It doesn't quite have the Nikon P1000's ludicrous 125x optical zoom range, but the P950's 83x zoom is more than enough for most people in most situations. If you like to mainly shoot landscapes or wildlife on your travels, it remains a good contender, particularly if you're coming from another Nikon camera. The three big improvements over the P900 are support for Raw shooting (for greater flexibility when editing images), 4K video resolution, and a much-improved electronic viewfinder. Collectively, these make it more user-friendly and versatile than its predecessor, though it is also worth looking out for deals on the Nikon P900. We'd like to have seen a touchscreen added too, but the P950 remains a good option if zoom is your main priority.
- Read our in-depth Nikon Coolpix P950 review
The Coolpix P1000 is the follow-up to the P900 and stretches what we’ve come to expect from superzoom cameras that bit further. The reason is the lens, with the P1000 packing in a massive 125x optical zoom range equivalent to 24-3000mm in 35mm terms, it has the potential to home in on the most distant subjects you’d realistically want to capture, be it wildlife or the Moon. If you absolutely need a camera with a 3000mm-equivalent lens, the fact that the P1000 is alone in offering this makes your decision easy. With a huge body, less-than-reliable autofocus, a sub-standard LCD and operational strifes, however, its appeal for anything else is more limited.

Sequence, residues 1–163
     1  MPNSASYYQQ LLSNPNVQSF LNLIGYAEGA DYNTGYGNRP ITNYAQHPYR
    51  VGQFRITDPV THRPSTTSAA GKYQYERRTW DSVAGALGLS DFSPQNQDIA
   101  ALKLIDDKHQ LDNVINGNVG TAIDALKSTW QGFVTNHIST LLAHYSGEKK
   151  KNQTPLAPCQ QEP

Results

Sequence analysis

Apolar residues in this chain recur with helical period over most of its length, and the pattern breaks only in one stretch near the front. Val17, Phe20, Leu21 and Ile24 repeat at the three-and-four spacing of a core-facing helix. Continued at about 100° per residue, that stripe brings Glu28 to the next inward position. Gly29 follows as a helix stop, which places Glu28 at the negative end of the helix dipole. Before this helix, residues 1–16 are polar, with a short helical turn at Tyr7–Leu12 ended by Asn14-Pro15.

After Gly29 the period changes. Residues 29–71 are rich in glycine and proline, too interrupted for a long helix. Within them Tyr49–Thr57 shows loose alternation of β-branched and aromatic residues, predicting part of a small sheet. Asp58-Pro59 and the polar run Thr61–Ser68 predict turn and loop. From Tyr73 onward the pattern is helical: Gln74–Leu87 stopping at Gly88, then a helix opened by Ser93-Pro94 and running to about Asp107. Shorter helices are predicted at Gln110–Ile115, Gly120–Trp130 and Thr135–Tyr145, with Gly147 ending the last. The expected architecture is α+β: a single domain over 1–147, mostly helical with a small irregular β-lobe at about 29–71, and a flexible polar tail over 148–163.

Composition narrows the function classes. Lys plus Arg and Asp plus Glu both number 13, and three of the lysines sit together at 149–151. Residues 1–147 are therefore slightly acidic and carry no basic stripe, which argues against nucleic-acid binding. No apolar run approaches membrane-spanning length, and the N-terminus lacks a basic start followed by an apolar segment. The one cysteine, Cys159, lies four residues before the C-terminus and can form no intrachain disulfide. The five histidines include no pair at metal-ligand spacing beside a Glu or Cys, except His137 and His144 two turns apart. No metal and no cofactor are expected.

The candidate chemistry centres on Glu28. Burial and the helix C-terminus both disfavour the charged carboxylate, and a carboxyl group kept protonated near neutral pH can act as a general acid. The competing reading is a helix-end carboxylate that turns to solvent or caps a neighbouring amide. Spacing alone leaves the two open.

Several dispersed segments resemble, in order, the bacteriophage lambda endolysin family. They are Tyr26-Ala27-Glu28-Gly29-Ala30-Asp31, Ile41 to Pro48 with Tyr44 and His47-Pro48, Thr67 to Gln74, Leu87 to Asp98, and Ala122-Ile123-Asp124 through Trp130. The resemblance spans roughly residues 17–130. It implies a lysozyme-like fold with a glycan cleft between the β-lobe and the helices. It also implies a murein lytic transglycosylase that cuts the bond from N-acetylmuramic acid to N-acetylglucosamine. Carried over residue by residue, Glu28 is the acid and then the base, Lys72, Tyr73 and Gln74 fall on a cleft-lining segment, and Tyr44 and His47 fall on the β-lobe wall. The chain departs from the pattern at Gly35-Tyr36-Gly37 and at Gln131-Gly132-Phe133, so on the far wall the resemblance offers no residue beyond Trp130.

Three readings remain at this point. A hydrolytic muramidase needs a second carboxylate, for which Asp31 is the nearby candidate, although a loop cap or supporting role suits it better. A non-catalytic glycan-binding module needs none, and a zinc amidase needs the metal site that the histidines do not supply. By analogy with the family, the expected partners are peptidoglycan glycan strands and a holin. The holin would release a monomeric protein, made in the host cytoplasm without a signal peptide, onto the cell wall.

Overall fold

- Read our in-depth Nikon Coolpix P1000 review
Sony's superzoom bridge camera is closely matched with the Panasonic FZ82, and is available at a great price owing to its age. The downsides when compared to the FZ82 include JPEG-only image capture and a lesser zoom range, but if you can live with both it's a great budget option. The HX400V claws back some ground by offering Wi-Fi, while it's also pleasure to use thanks to its ergonomic design, and the tilting screen is nice touch, although it isn't fully articulating. More disappointing is the relatively low-resolution electronic viewfinder. Although there's no raw support, JPEG images have great colors and plenty of detail. Some image smoothing is visible when images are viewed at 100%, but that's a common trait amongst small-sensor bridge cameras.